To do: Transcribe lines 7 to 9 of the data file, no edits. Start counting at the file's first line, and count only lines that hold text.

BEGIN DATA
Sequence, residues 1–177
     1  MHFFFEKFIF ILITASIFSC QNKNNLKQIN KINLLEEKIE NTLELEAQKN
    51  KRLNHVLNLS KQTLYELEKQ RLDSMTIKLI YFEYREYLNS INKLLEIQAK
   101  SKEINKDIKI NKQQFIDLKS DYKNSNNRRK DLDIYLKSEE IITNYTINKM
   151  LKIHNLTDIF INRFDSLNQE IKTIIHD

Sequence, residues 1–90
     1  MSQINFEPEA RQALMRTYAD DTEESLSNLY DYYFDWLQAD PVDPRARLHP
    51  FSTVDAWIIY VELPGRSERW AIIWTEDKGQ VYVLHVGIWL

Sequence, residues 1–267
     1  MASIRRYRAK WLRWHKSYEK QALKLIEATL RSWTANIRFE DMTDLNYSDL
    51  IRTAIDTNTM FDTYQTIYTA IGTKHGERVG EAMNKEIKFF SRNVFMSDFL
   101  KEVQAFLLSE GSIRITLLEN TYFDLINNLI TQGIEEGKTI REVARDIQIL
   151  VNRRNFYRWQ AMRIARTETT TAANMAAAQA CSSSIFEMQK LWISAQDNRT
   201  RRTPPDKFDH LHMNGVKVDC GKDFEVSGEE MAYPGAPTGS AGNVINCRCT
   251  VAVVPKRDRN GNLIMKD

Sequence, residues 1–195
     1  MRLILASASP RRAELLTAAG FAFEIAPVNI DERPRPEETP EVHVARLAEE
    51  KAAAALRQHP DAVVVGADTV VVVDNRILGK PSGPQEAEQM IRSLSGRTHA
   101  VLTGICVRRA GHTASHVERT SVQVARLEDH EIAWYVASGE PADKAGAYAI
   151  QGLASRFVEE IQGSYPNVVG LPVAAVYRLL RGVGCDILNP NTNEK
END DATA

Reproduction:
     1  MSQINFEPEA RQALMRTYAD DTEESLSNLY DYYFDWLQAD PVDPRARLHP
    51  FSTVDAWIIY VELPGRSERW AIIWTEDKGQ VYVLHVGIWL

Sequence, residues 1–267